Then came the news that spread all over the birding community - an uncommon flowerpecker had been sighted. Quite easily at that. So I communicated with a couple of birders who had been so lucky to get close up shots of this flowerpecker. Thanks to Loel and Virgilio, I was able to get specific details on the exact spot where I would be able to see and photograph my newest lifer. It can be seen from the side of the road, they both affirmed.

Saturday morning we were at the road going to Infanta. At first we were concerned about the weather as dense fog greeted us when we came into the Infanta side. 

However as we neared our destination the sun broke through and brightened up the morning. It was at this roadside near the Kilometer 95 marker that our target feeds on the red fruits of the Hagimit tree. There were already some fellow birders when we got there but no one had seen the Olive-backed Flowerpecker yet. Try the area near Kilometer 98 we were told. We did. Again more fellow birders were already gathered there. However they were after a different species - the Philippine Fairy Bluebird. That would have been a lifer for us too but it was a no show, the fruits of the tree that it frequented were now gone.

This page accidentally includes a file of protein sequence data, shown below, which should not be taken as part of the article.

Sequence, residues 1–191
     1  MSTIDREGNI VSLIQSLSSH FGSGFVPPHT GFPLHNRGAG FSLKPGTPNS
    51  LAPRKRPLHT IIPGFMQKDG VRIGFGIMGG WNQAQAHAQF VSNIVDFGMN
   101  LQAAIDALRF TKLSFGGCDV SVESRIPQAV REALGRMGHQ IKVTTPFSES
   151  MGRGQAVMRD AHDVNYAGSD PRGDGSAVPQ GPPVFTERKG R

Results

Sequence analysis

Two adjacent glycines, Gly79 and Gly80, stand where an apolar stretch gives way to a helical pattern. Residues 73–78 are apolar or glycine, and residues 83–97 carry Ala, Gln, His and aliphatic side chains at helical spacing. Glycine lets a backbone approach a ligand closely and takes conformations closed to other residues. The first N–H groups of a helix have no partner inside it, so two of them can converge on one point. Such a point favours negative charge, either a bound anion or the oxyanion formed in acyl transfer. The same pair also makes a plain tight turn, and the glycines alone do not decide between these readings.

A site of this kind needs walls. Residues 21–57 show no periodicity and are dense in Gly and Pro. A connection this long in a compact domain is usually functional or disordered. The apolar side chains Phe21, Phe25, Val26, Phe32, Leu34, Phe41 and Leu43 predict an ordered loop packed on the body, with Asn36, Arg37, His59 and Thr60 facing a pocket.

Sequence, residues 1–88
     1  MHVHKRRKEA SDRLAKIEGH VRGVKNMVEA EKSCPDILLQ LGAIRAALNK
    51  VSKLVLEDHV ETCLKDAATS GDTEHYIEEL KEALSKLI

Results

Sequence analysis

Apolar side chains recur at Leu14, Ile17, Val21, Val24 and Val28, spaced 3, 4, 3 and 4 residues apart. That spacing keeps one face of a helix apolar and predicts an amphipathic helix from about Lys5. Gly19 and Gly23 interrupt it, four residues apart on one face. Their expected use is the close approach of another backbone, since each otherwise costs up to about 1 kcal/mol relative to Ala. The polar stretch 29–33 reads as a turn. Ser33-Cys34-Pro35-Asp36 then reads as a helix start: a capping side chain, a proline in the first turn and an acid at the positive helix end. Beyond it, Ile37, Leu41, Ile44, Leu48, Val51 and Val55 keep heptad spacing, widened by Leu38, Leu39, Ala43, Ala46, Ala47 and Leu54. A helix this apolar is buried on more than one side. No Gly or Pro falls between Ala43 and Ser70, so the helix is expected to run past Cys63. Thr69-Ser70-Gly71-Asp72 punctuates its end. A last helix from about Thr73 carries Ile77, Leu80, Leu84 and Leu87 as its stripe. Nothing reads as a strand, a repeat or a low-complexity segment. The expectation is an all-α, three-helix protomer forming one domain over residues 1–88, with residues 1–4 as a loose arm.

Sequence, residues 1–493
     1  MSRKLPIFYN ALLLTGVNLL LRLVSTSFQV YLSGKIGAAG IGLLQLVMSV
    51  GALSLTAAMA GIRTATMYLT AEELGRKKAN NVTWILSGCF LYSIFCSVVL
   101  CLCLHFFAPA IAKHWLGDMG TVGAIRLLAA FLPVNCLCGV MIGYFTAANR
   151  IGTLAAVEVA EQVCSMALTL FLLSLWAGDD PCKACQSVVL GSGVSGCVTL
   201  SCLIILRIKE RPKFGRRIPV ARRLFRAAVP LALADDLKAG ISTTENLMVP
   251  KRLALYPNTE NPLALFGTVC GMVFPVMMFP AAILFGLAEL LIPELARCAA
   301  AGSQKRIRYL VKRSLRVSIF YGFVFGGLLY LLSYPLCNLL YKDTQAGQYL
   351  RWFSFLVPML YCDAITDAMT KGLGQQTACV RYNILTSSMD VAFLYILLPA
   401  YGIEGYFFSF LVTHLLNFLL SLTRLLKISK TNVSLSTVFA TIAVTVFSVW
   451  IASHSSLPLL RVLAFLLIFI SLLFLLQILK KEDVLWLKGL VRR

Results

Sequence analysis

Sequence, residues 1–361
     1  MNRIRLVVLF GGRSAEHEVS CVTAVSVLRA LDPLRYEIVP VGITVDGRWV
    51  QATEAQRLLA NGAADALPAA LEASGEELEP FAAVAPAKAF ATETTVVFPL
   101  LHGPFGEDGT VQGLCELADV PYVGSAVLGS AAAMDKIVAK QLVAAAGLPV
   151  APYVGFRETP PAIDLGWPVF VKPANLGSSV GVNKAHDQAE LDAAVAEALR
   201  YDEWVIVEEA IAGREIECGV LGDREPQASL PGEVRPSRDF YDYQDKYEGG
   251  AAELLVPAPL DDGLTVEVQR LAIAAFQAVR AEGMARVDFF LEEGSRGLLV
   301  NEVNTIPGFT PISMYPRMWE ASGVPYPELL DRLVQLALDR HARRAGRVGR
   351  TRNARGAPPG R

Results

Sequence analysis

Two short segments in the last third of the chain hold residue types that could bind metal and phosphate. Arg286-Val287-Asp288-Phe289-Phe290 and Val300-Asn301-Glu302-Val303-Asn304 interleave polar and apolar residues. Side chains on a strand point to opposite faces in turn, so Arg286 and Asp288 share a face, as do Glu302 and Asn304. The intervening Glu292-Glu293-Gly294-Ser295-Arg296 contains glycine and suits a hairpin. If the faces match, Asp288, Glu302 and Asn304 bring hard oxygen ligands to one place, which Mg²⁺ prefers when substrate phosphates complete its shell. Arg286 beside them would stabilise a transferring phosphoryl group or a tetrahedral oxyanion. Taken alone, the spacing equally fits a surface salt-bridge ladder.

We went back to specific spot near Kilometer 95. This time I found the Hagimit tree. Sadly, the fruits were almost gone as well. I patiently staked out the spot while Cynthia surveyed the roadside looking for any bird to photograph. After sitting inside our car - which was parked in front the Hagimit tree -for about half an hour, a tiny, nondescript bird appeared. It started feeding on the red berries. I thought I got my hoped for lifer but looking at the bird, it was duller in color and had a longer, down curved bill. Buzzing Flowerpecker, I sighed, inasmuch as this was not a lifer. Nevertheless, I still took some photos. 

It was actually a part of a "wave" of several species of birds that came to the area. After the "wave" had passed I joined my wife in looking at the trees by the roadside. We got some shots of a Yellowish White-eye.  

After about an hour, another "wave" came. Once again it was just the Buzzing Flowerpecker that came to feed on the fruits. Our birder friends decided to go to the trail to search for the Yellow-breasted Fruit Dove. Since it was a narrow, slippery, downward trail, we opted not to risk our tender and aging bodies.